The many advertisements I saw before seeing Mogadishu all said the same thing “The play of the year? Quite possibly”. Now this quote was from the Daily Telegraph no less. But the thing with quotes is very often they’re taken out of context. But not this time, for this is a play that honestly lives up to the hype.

Outrage, annoyance, humour and a deep understanding of the themes in the play, were all feelings I experienced while engrossed in this assault at the theatre.

It has reminiscences of Rattigan’s The Winslow Boy, although there the similarities end. There is a nod to Shakespeare, well I know my Shakespeare…..no longer does it scare me! Although I was perplexed with some of tonight’s language! I’m just so not ‘street’.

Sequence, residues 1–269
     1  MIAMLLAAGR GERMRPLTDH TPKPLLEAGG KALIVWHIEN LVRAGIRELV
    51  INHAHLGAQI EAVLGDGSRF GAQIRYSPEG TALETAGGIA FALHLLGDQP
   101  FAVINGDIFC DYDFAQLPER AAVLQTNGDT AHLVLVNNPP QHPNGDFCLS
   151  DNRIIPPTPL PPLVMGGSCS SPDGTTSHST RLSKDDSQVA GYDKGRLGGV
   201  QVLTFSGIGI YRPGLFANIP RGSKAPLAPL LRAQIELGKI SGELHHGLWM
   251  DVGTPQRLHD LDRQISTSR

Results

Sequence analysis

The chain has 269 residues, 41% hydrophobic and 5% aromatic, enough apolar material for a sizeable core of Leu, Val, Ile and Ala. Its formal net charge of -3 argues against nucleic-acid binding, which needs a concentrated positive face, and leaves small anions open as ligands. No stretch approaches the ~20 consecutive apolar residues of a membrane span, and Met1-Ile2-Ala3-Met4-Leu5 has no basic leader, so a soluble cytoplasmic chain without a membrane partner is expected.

The premise is a student does a bad thing, and lies to get out of the situation. Many more lies are told, friends are cajoled or bullied to back up the lie, it all escalates out of control. Life for all involved have their lives changed beyond recognition.

A very witty script that challenges a broad range of age groups in the audience, through the thought-provoking material and humour that is at times very near the knuckle.

A brilliant cast of twelve bring the story to its climax and each character is played with warmth, sympathy and empathy. A real ensemble, in the truest sense of the word. Directed by Mathew Dunster, who brings a disturbing yet youthful freshness to the material, that is both raw and in yer face; inn’it.

The props team need a mention, the food and drink that is consumed must take hours to prepare for the stage, but the hard work that goes on back-stage doesn’t go to waste!

I may actually believe the quotes used in the advertising from now on because I can’t praise this play enough, well “quite possibly” I can.